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Study identifies factors for improving quality of life for dementia sufferers

Maintaining positive relationships and feeling included can help immensely

Photo (c) FredFroese - Getty Images
Despite a wealth of innovative research over the years, dementia is still a big problem for many people around the world. The condition, which describes a range of impairments to memory and other cognitive abilities, can often become more devastating with age.

However, a recent research analysis from the University of Exeter has identified several factors that can improve the quality of life of those who suffer from dementia. Professor Linda Clare, a co-author of the work, explains just how important the research is.

“While many investigations focus on prevention and better treatments, it’s equally vital that we understand how to optimize quality of life for the 50 million people worldwide who have dementia,” she said.

Improving quality of life

The analysis focuses on several factors that can improve quality of life for consumers suffering from dementia. They include:

  • Maintaining good relationships with family and friends;
  • Being included and involved in social activities;
  • Being able to manage everyday activities; and
  • Having religious beliefs.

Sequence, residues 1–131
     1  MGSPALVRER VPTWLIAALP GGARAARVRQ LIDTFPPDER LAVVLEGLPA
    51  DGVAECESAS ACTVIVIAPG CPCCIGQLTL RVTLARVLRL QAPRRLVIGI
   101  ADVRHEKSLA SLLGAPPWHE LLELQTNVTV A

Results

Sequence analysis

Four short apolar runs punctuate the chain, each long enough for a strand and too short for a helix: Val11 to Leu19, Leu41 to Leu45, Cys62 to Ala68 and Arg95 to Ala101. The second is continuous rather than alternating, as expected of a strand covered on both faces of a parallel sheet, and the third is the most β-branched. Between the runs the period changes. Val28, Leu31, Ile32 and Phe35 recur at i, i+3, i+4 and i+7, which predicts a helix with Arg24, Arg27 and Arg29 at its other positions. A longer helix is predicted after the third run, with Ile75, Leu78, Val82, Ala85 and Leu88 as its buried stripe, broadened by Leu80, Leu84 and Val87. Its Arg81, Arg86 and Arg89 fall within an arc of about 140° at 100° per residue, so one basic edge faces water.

While these weren’t the only factors contributing to a positive quality of life, the researchers found that they were among the most influential. They also found that establishing a solid groundwork for quality of life in the earliest stages of dementia was very helpful later on.

“Maintaining a healthy social life and doing things you enjoy is important for everyone’s quality of life,” said Dr. Doug Brown, Chief Policy and Research Officer at the Alzheimer’s Society. “Someone develops dementia every three minutes but too many are facing it alone and feel socially isolated – a factor that researchers pinpoint [as a contributor] to a lower quality of life."

“We now need a way to put these findings into action to make a difference to people’s lives by supporting relationships, social engagement and everyday functioning, addressing poor physical and mental health, and ensuring high-quality care,” added Clare.

The full study has been published in the journal Psychological Medicine.

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